Fake news, I contend, can be adequately handled by citizens and non-government organizations. Individuals can take some basic efforts to be more critical of the news, thus protecting themselves from the harms without the state getting involved. Fake news is not like a foreign invader or deadly disease that is beyond the power of the citizens to defend themselves—it is well within their power to do so, if only they would take a little effort to be informed and critical.

Non-government organizations can also counter fake news (and are already doing so).  For example, the real news companies and the fact checkers have been fighting fake news. Companies like Facebook and Google that enable the monetization of fake news can also do a great deal to combat it. While there are clearly concerns about such control of the news, policing of the news is something that the existing networks do. As such, expecting Facebook to accept some basic responsibility for what it profits from is not unreasonable and is already standard practice in traditional news media. This is not to say that concerns about the policies of media companies are irrelevant, just that the fake news does not really create a new situation—all media companies already have policies regarding the news.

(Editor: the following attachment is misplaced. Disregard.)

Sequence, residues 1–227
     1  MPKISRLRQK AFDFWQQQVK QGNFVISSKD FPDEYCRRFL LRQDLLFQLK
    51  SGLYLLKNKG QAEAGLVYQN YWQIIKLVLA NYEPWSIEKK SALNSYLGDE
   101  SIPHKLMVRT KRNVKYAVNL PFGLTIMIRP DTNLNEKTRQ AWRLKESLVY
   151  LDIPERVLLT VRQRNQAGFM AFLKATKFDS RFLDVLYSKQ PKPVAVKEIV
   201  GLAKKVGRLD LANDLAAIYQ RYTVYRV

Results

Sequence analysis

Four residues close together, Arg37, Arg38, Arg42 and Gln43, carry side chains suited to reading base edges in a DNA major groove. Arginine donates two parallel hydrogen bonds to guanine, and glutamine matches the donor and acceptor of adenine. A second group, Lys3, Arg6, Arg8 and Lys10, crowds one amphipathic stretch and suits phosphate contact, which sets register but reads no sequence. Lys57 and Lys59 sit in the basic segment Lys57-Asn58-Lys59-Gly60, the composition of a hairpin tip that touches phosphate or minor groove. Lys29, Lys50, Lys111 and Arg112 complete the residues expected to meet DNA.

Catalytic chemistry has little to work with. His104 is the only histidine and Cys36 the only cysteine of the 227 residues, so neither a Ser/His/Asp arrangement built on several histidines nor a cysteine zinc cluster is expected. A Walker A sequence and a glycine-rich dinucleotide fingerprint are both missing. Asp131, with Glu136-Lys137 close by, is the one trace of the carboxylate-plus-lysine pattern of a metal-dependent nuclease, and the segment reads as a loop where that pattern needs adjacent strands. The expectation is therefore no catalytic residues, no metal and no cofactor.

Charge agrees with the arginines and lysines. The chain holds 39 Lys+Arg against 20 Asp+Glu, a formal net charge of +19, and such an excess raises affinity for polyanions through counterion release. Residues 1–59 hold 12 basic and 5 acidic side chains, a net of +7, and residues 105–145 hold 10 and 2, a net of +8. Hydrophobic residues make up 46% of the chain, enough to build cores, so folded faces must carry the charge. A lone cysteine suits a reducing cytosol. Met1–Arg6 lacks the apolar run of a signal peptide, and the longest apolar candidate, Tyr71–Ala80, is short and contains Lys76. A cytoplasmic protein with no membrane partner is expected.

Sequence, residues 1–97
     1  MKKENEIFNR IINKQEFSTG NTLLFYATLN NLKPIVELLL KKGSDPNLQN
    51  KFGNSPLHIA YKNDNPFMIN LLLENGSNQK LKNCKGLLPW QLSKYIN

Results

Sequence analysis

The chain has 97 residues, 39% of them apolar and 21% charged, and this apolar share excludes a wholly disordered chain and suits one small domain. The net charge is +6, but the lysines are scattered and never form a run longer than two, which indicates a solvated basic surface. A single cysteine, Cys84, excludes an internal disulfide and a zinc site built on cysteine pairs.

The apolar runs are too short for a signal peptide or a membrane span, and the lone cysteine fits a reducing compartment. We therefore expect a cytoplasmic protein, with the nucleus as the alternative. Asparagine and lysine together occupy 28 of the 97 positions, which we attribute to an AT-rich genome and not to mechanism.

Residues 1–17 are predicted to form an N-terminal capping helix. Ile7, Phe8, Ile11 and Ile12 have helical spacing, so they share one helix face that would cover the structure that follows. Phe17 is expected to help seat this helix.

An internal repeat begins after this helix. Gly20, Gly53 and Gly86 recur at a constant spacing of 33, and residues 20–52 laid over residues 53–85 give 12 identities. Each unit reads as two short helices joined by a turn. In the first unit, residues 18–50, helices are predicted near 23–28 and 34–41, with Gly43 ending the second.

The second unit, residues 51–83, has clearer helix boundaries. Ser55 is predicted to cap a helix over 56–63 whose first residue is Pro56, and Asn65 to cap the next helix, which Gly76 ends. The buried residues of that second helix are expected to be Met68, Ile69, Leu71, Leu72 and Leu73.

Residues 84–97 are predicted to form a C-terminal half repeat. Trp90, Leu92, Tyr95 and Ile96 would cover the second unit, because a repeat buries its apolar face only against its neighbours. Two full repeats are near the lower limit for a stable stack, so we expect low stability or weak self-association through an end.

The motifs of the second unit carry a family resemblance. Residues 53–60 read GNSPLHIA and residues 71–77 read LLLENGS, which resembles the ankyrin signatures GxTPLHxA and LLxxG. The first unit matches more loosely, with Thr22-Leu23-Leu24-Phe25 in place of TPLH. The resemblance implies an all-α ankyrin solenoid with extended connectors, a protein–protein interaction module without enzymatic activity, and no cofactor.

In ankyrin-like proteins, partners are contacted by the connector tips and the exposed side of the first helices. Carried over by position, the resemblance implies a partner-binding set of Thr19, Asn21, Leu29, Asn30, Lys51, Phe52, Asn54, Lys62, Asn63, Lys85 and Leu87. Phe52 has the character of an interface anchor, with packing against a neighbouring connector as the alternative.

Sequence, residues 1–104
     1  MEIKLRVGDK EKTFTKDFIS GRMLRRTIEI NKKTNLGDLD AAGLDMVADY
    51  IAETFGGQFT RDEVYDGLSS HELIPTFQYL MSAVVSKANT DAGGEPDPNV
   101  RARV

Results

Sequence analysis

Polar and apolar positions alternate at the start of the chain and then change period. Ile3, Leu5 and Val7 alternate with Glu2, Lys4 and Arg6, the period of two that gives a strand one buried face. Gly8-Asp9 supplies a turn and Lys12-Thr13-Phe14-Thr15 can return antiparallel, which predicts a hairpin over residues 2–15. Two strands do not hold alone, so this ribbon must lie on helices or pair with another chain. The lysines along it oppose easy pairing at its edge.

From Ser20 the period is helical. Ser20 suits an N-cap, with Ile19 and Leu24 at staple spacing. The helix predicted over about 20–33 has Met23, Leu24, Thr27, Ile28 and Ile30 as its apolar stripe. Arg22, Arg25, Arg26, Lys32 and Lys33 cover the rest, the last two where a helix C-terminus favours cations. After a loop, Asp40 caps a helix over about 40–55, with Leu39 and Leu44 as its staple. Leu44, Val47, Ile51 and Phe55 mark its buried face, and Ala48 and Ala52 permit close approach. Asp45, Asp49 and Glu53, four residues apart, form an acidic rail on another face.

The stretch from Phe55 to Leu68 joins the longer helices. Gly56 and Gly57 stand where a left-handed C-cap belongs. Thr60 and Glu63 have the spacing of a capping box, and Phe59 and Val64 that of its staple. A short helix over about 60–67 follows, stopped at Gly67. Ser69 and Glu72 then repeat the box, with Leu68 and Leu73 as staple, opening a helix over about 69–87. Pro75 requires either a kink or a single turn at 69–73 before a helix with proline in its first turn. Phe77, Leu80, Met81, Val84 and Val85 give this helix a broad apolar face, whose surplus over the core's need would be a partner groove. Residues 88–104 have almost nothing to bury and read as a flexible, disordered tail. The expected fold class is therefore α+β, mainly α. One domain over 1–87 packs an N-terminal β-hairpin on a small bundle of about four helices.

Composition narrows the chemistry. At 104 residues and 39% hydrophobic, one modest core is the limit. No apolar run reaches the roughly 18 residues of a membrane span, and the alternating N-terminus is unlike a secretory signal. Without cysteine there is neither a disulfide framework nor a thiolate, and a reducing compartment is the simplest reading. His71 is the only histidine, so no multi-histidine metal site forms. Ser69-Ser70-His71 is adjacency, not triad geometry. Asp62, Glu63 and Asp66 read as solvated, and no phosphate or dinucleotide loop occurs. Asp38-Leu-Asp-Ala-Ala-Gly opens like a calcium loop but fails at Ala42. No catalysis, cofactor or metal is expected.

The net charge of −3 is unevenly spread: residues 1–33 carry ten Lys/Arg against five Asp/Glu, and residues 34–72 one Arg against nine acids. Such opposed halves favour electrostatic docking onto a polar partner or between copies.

In light of the above discussion, the state should not use its coercive power to control fake news. My position is contingent on the facts—should fake news prove to be a significant harm that citizens and non-government organizations are unwilling or unable to counter, then the state could be justified in stepping in.

 

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Fake News III: Pizzagate

Posted in Philosophy, Politics, Reasoning/Logic by Michael LaBossiere on December 7, 2016